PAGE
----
July 2018
Volume 59, Issue 9
Open Access
ARVO Annual Meeting Abstract  |   July 2018
Subthreshold Laser Photocoagulation using a Conventional Pattern Scan Laser to Treat Macular Edema
Author Affiliations & Notes
  • Tomoyasu Shiraya
    Ophthalmology, The University of Tokyo Hospital, Tokyo, Japan
  • Satoshi Kato
    Ophthalmology, The University of Tokyo Hospital, Tokyo, Japan
  • Fumiyuki Araki
    Ophthalmology, The University of Tokyo Hospital, Tokyo, Japan
  • Atsuko Tsutsumi
    Tsutsumi Eye Clinic, Tokyo, Japan
  • Footnotes
    Commercial Relationships   Tomoyasu Shiraya, None; Satoshi Kato, None; Fumiyuki Araki, None; Atsuko Tsutsumi, None
  • Footnotes
    Support  None
Investigative Ophthalmology & Visual Science July 2018, Vol.59, 6191. doi:
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    • Get Citation

      Tomoyasu Shiraya, Satoshi Kato, Fumiyuki Araki, Atsuko Tsutsumi; Subthreshold Laser Photocoagulation using a Conventional Pattern Scan Laser to Treat Macular Edema. Invest. Ophthalmol. Vis. Sci. 2018;59(9):6191.

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      © ARVO (1962-2015); The Authors (2016-present)

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Purpose : We previously reported the efficacy of subthreshold laser photocoagulation (SLP) using a general pattern scan laser to treat macular edema (ME) caused by ischemic retinal diseases (11 eyes of 11 patients, European Society of Ophthalmology, 2017). The present study examined the treatment effects of SLP, and included more cases and a longer observation period.

Methods : We assessed the effects of SLP treatment in 24 eyes of 24 patients with ME. Seventeen patients had diabetic retinopathy, five had branch retinal vein occlusion, and two had central retinal vein occlusion. All patients underwent SLP treatment between December 2015 and May 2017. The average postoperative observation period was 5.5 ± 3.4 months. We evaluated the following parameters before the SLP procedure and at one, two, and three months postoperative: best-corrected visual acuity using logMAR scores, center macular thickness (CMT), and total macular volume (TMV) as determined by optical coherence tomography (OCT). We fixed the 577-nm laser beam of a scanning laser photocoagulator at an area 100 μm in diameter, 20ms, and selected a 2 × 2 grid scan pattern using an Area Centralis® lens. The initial laser power of the SLP was 100 mW, and the laser was focused on a specific area of the ME identified by OCT. If spot lesions were visible on ophthalmoscopic examination, the laser power was decreased by 10 mW to avoid scarring.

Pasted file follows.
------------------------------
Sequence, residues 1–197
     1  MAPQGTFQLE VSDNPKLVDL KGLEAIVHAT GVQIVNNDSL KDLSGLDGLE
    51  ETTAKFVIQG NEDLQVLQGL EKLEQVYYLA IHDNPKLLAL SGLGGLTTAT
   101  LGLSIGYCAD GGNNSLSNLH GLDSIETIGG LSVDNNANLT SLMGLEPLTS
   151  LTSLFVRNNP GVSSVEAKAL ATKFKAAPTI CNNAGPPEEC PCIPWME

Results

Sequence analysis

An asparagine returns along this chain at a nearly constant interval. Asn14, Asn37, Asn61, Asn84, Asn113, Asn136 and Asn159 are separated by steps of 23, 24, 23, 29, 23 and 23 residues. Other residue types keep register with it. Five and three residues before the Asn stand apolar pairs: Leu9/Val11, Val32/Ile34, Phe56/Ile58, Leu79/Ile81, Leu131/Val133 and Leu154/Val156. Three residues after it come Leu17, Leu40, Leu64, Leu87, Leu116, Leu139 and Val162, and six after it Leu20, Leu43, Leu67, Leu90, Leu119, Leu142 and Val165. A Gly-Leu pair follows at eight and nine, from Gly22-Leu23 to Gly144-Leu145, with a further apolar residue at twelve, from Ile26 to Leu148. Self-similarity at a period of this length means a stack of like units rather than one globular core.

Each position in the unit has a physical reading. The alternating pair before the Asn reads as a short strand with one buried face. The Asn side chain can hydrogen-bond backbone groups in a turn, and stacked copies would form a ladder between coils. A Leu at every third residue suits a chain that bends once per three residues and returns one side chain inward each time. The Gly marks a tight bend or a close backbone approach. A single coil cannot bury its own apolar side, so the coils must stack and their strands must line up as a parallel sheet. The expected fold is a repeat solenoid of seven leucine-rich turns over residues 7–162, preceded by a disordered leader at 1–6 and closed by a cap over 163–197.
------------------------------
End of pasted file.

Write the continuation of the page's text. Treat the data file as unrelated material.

Results : The laser power was 76.7 ± 18.1 (50-100) mW and the total laser shots were 374.4 ± 243.9. The preoperative logMAR scores and TMV were 0.26 ± 0.32 and 9.7 ± 1.6 mm3, respectively. They were 0.28 ± 0.29 and 9.6 ± 3.1 mm3, at one month postoperative, 0.25 ± 0.32 and 9.6 ± 2.6 mm3, at two months, and 0.25 ± 0.31 and 9.3 ± 1.7 mm3 at three months. A significant reduction in TMV was observed at three months postoperative (P < 0.01), and the CMT had decreased by ≥ 20% in 10 of 24 eyes (41.7%) three months after SLP treatment. The TMV remained significantly decreased in 7 eyes that were observed for nine months postoperatively.

Conclusions : These findings suggest that SLP using a general pattern scan laser for the treatment of ME is effective over a long period of time.

This is an abstract that was submitted for the 2018 ARVO Annual Meeting, held in Honolulu, Hawaii, April 29 - May 3, 2018.


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